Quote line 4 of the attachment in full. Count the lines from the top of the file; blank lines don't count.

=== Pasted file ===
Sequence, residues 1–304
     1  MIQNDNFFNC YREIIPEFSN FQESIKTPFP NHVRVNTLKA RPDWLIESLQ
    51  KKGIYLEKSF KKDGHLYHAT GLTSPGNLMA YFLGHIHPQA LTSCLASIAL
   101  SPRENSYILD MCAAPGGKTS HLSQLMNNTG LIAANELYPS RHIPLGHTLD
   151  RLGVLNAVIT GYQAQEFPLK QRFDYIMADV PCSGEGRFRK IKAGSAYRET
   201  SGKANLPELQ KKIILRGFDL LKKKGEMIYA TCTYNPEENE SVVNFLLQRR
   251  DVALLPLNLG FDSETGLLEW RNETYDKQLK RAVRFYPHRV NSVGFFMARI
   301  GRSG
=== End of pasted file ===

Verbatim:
   101  SPRENSYILD MCAAPGGKTS HLSQLMNNTG LIAANELYPS RHIPLGHTLD